(AP) Arthur Schirmer bowed his head, put his hands over his ears and squeezed his eyes shut as the former pastor accused of killing both of his wives listened to a forensic pathologist describe how he says Schirmer bludgeoned both women.
Dr. Wayne Ross, who performed an autopsy on Jewel Schirmer in 1999 and then investigated the death of Betty Schirmer nine years later, said the evidence clearly shows that both women were savagely beaten with a crowbar or some other heavy cylindrical object and that Schirmer staged both crime scenes to make it appear as if they'd died in accidents.
Schirmer, 64, a longtime Methodist pastor, asserts that Jewel Schirmer fell down the basement stairs while vacuuming, and that Betty Schirmer was fatally injured in a 2008 car crash.
Neither explanation holds water, Ross said, telling jurors that each woman suffered strikingly similar head and brain injuries consistent with a beating.
The ex-clergyman seemingly tried to shut out Ross's detailed testimony about his wives' injuries, and avoided looking at the photos of both women that Ross used to illustrate his points. He occasionally shook his head.
Prosecutors asked Ross to testify about Jewel Schirmer to illustrate the similarities in how they contend both of Schirmer's wives were killed. Schirmer is charged separately in Jewel Schirmer's death and awaits trial.
Schirmer has pleaded innocent, and his attorney has said prosecutors are relying on bad science and church gossip about Schirmer's extramarital affairs to try to win a conviction.
Ross addressed the long delay in bringing charges against Schirmer in Jewel's death nearly 14 years ago.
He said early indications that she might have suffered a heart attack then fell down the stairs quickly proved to be wrong, and he pressed police and prosecutors in Lebanon County to open a homicide investigation. But he said his pleas were ignored.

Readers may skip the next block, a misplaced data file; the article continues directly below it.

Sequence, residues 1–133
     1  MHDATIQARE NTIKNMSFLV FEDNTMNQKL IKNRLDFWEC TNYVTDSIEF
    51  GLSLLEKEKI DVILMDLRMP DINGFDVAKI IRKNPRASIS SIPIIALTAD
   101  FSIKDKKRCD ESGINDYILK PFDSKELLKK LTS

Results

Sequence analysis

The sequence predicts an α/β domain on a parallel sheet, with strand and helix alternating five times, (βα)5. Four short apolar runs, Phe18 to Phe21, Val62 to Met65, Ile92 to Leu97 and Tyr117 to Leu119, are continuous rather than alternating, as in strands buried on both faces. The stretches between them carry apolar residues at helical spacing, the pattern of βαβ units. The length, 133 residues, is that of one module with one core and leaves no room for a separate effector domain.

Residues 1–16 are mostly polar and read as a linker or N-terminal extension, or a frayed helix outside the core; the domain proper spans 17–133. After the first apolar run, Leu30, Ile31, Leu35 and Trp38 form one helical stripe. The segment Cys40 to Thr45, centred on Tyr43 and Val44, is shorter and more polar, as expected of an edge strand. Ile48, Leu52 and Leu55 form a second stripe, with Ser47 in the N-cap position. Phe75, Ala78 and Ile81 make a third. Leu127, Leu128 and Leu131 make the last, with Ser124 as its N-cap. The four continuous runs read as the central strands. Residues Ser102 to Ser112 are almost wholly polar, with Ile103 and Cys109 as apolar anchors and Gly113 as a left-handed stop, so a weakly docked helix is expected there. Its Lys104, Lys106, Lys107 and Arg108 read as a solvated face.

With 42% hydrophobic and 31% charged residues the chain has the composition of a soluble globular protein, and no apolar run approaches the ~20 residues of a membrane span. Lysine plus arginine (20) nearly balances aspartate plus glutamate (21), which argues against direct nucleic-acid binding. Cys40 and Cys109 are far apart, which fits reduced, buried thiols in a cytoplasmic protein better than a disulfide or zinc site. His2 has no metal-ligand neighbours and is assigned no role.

My anxiety level and angst level is going higher and higher, he said of his feelings at the time. I'm becoming more and more concerned. I'm trying to motivate them to pursue the case as a homicide.
Ultimately, he classified the manner of Jewel's death as undetermined. It remained that way until Betty Schirmer died in 2008, and authorities in Monroe County began investigating that case as a homicide. Lebanon County authorities followed suit, reopening the Jewel Schirmer case and charging her husband last fall.
Tuesday's testimony marked a return to the forensic evidence upon which much of the prosecution's case is based. On Monday, jurors heard emotional testimony from Betty's son and sister, both of whom broke down on the stand as they described seeing their mother's battered body in the hospital before she died.
Another prosecution witness, Anne Marie Thorsen-Moe, hinted at a possible motive when she testified Monday that Schirmer told her that Betty had discovered he was having an affair with his secretary, and gave him an ultimatum: End the relationship or they would get divorced, the Pocono Record reported.
He said he didn't want a divorce because he didn't want to lose half of everything, Thorsen-Moe said.